Supportive psychotherapy has a long tradition and is widely practiced. It has acquired an undeservedly poor reputation as a mediocre treatment and the term has been loosely used in psychotherapy research as a weak control condition. Years ago we defined Brief Supportive Psychotherapy (BSP) in a manual as a time-limited, affect-focused, “common factors” treatment for depression research studies. In testing it we found, to our surprise, that in nine successive studies it generally worked as well as the fancier therapies to which it was compared. In other words, BSP is a powerful brief treatment for major depression. The common factors of psychotherapy, defined decades ago by Carl Rogers and Jerome Frank, comprise factors like emotional arousal, helping a patient to feel understood, building a strong treatment alliance through therapeutic ritual and communication of expertise, realistic optimism, and success experiences. A stripped down, elemental therapy, BSP focuses on the patient’s emotional life, helping the patient to tolerate and understand feelings rather than viewing them as problems. The therapist sketches an emotional portrait of the patient and uses this as a therapeutic guide. This approach is simple in concept yet can be hard to do well. Patients like and benefit from it, and dropout rates have been low. This course rehabilitates supportive psychotherapy for attendees, reviewing its checkered history, shabby reputation, and contrastingly potent research performance. The bulk of the course focuses on describing and using its “common factor” elements and particularly its affect focus. Participants will learn not only the use of brief supportive psychotherapy as a focused treatment but also its role as the basis of all good common factor psychotherapies. Particularly in an era when therapy risks becoming too mechanical and intellectualized, awareness of emotional techniques hones psychotherapeutic skills. Course participants may want to but are not required to read the newly published BSP manual, Brief Supportive Psychotherapy, published by Oxford University Press.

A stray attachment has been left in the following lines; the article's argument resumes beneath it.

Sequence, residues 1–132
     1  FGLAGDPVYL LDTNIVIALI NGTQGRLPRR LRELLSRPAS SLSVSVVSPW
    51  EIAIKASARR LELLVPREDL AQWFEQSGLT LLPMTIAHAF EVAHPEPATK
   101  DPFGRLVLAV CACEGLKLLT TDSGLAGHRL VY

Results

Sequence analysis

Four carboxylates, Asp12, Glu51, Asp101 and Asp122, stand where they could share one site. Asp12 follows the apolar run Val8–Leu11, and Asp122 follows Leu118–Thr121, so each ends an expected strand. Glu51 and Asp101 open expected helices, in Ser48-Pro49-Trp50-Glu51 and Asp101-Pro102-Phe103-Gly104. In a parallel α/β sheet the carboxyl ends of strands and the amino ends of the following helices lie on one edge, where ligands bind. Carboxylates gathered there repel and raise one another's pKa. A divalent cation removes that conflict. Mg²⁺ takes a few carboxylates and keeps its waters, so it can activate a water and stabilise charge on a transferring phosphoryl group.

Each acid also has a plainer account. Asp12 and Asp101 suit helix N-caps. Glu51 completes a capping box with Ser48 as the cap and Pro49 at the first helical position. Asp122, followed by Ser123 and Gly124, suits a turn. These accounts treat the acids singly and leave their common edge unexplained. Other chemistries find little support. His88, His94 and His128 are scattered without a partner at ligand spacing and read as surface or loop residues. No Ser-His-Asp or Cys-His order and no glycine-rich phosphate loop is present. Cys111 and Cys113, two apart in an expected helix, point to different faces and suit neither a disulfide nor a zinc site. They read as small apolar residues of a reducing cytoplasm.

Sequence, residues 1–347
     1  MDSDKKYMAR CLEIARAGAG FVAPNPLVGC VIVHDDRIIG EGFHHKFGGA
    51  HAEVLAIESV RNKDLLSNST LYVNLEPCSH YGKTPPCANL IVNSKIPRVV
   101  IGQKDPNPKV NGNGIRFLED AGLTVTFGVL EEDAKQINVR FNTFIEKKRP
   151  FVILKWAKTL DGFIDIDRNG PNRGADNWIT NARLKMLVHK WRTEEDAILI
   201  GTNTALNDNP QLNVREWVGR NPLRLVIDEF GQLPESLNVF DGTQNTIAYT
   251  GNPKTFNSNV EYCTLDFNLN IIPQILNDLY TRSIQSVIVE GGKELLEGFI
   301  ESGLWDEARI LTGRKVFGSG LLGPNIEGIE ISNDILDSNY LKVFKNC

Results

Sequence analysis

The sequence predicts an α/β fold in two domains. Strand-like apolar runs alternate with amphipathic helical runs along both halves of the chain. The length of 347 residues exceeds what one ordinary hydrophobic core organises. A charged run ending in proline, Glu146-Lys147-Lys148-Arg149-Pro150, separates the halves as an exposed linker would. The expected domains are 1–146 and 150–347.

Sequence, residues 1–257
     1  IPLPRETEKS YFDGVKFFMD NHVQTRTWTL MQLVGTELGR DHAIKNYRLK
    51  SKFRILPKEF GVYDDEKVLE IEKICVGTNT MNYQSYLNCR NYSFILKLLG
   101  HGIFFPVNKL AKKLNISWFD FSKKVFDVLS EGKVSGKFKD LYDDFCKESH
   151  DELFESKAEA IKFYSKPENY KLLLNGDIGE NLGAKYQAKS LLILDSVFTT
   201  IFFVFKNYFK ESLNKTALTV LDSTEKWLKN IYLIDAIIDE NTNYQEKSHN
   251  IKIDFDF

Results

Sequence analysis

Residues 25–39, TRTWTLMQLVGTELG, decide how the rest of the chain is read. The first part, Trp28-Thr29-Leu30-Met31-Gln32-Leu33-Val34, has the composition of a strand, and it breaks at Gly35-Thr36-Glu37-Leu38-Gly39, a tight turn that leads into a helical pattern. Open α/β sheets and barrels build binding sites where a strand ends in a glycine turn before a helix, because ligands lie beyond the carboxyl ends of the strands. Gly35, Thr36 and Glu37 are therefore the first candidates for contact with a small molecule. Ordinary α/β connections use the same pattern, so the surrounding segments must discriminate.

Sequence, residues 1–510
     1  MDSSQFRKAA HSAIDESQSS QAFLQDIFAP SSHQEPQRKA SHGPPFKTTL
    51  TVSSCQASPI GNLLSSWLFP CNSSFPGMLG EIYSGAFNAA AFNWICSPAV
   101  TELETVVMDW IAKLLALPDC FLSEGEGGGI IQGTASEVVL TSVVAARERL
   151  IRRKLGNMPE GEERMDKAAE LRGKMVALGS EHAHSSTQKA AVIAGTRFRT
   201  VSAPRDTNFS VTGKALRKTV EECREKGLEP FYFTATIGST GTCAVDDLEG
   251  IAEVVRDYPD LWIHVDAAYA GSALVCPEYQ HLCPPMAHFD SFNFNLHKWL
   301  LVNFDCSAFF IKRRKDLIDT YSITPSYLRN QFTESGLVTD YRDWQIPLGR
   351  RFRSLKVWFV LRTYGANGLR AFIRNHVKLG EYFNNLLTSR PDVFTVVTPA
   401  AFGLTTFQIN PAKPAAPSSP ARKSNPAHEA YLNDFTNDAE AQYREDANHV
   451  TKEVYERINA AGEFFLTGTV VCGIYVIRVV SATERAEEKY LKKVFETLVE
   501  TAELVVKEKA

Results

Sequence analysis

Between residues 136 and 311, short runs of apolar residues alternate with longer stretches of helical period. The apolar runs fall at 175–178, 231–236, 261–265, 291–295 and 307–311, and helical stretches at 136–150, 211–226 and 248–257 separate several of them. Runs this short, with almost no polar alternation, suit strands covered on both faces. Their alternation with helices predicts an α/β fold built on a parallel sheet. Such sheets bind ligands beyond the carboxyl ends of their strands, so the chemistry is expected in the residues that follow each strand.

Distinguish the common factors of psychotherapy
Understand how to use affect and emotion in psychotherapy
Evaluate the evidence base for brief supportive psychotherapy
Mind-Body Treatments for Global Mental Health and Provider Self-Care: Mass Disasters, Refugees, and PTSD – Experiential Training and Lecture
Start Date: Monday, June 12, 2023
Live Course Date: June 29, 2023, 6:00 – 9:00 p.m. ET
Patricia Gerbarg, M.D.; Richard Brown, M.D.
4 AMA PRA Category 1 Credits™.
Topics: Physician Well-being; Trauma and Stressor-Related Disorders